If the thought that all this is unrealistic—or, heaven forbid, untrue—comes into your mind, that’s Animal Magnetism; banish the thought, and double-down on your Science & Health. It’ll all make sense someday. And, since Christian Science is, by definition, ‘Truth itself,’ anything that doesn’t support it is clearly untrue! Why would one waste their time? It’s what I call the Christian Science put-down: ‘no, you misunderstand…’ usually used when they can’t explain to you what they’re talking about. It’s a way to dodge a rational debate, and cop an attitude of superiority at the same time.

Katie J.’s Story (Part 1)

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By Katie J., an Ex-Christian Scientist Group contributor.

 

To say that I was literally born into Christian Science would not be an exaggeration. I was born on a cold January morning in Tulsa, Oklahoma, at my grandparents’ house. My parents were in the middle of going through a divorce, which, according to Oklahoma law, could not be final until I was born. Because all of this was happening amidst a legal proceeding, my father had been required to provide my mother with medical care during her pregnancy, which she completely ignored. There was a doctor set to deliver me at a local hospital, and a plan to avoid said doctor and local hospital. I would be born, then the doctor would be called to be informed that he had missed the whole thing—it had all just happened so fast. My grandmother’s name appears on my birth certificate, but that was only done to protect the identity of the real attendant, a Christian Science nurse.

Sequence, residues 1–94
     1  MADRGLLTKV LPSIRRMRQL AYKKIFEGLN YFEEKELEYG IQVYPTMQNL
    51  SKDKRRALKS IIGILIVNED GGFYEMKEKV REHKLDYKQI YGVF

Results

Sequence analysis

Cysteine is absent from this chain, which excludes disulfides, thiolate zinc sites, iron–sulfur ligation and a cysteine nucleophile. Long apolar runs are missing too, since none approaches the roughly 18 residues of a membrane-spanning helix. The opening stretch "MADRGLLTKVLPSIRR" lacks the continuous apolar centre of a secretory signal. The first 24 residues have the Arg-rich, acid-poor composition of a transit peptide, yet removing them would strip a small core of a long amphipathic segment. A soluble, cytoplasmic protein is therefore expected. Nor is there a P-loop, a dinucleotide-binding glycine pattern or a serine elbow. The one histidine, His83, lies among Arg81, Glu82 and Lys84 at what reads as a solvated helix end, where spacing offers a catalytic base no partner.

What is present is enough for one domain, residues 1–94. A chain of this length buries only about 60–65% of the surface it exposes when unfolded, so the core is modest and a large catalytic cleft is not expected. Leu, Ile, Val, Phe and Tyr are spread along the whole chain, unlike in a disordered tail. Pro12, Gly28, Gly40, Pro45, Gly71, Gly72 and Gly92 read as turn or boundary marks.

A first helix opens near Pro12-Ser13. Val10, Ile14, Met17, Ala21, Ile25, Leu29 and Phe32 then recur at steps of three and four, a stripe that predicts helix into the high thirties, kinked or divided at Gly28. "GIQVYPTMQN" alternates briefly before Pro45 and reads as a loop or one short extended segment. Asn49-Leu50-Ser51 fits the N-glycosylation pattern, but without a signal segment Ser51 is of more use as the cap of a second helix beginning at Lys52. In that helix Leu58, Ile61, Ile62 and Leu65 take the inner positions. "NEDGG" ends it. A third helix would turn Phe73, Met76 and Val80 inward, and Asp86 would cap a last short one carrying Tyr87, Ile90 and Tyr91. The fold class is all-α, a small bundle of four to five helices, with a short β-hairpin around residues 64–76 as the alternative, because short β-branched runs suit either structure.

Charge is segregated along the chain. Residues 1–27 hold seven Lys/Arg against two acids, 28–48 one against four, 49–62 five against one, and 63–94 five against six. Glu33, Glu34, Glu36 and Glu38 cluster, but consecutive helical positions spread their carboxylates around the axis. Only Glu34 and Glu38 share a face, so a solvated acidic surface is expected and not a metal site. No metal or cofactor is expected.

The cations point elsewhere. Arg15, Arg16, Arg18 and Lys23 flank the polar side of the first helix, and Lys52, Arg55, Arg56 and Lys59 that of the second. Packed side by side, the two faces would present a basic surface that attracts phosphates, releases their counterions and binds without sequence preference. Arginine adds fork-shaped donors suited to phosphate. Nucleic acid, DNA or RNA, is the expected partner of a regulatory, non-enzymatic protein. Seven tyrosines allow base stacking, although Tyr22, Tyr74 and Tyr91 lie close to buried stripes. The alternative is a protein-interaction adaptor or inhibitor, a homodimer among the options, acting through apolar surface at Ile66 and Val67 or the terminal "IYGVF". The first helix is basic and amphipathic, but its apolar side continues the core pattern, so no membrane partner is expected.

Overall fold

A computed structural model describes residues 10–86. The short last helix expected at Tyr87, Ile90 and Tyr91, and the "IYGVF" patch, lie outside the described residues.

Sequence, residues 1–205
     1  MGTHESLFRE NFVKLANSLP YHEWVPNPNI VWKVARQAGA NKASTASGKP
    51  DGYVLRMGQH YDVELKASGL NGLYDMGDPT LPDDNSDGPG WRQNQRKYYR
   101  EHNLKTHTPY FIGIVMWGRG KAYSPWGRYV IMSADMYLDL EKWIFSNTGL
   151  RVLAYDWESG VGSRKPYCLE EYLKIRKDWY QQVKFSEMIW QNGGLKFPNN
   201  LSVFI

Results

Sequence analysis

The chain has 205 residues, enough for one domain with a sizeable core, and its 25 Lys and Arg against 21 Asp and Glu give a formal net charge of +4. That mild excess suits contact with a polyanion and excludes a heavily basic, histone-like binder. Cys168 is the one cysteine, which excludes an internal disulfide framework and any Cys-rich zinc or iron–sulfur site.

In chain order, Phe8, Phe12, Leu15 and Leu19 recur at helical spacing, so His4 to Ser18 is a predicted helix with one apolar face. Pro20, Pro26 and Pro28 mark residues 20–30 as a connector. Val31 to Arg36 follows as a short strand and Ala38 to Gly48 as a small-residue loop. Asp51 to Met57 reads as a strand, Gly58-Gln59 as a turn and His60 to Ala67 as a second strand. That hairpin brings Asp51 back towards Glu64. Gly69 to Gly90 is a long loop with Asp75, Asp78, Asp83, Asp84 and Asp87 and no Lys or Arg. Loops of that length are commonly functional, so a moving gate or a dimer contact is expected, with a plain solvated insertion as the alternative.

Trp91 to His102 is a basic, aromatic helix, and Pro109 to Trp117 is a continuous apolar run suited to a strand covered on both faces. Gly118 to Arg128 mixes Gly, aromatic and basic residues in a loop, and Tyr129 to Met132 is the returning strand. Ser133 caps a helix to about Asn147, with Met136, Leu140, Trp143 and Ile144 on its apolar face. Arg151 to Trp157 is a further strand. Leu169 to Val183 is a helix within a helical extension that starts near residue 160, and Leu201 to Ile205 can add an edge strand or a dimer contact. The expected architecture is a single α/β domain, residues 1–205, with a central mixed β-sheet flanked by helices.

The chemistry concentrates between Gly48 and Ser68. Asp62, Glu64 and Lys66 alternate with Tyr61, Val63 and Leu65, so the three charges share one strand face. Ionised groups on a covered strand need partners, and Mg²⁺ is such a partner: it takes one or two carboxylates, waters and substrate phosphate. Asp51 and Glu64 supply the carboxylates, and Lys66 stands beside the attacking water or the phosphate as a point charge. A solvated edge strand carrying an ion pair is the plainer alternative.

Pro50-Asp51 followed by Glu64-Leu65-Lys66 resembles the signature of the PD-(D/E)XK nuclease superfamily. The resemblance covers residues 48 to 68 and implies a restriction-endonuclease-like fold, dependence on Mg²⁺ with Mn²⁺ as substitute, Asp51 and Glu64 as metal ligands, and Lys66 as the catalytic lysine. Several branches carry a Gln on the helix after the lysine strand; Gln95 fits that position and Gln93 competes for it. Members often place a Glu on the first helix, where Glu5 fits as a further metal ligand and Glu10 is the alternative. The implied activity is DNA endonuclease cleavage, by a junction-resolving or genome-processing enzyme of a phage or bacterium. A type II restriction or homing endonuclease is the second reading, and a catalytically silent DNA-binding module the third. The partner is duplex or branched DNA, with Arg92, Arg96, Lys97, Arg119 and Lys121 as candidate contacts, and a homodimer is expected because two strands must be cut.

As luck would have it, the Christian Science nurse had been a legitimate obstetrics nurse before converting to the religion. This was lucky for my mom because there was some complication with the separation of the placenta—and this nurse knew how to deal with that—something that the average Christian Science nurse wouldn’t know anything about. And so I came into the world, the placenta was dealt with, and my mom and I were both healthy and came through the ordeal with no medical intervention whatsoever. I never had medical care and I wouldn’t be seen by anyone from the medical field until I was sixteen and snuck off to get birth control pills at the local Planned Parenthood clinic.

Continue reading “Katie J.’s Story (Part 1)”

If people were doing something different I internally judged them

By an anonymous Ex-Christian Scientist Group Contributor.

I felt God’s hand was in everything that unfolded for me. I couldn’t take a step without praying about it, and all right decisions, activity, or relationships would have the appearance that fit perfectly with the moral, spiritual, and generally white-bread codes dictated by Christian Science.

If people were doing something different I internally judged them as heading in the wrong direction or being wrong. ’Reality’ in the human material world had to fall within the Christian Science parameters or it wasn’t real or wouldn’t contribute to spiritual progress in the Scientific plane of existence. When you are born into a cult like this it is not your fault. But it is hard to think differently. Christian Science programs thought at such a primal level.

I was hardcore for about forty-five to fifty years. My greatest sadness now, is that I brought my children up in Christian Science. My kids wised up before I did. My husband is not a Christian Scientist and has been very patient for over thirty years. But I had such a strong family influence growing up—third generation on both sides. And I didn’t really feel free to decide for myself until after my mother’s death. Now, I feel like I was let out of my cage. But daily, I have to give myself permission to think whatever I like.

So many Christian Scientists mimic each other. It really is a cult, as dangerous as the Jim Jones thing. I believe there is mind control going on. I never realized it before but that has to be how practitioners work. They kind of mentally rearrange your furniture upstairs.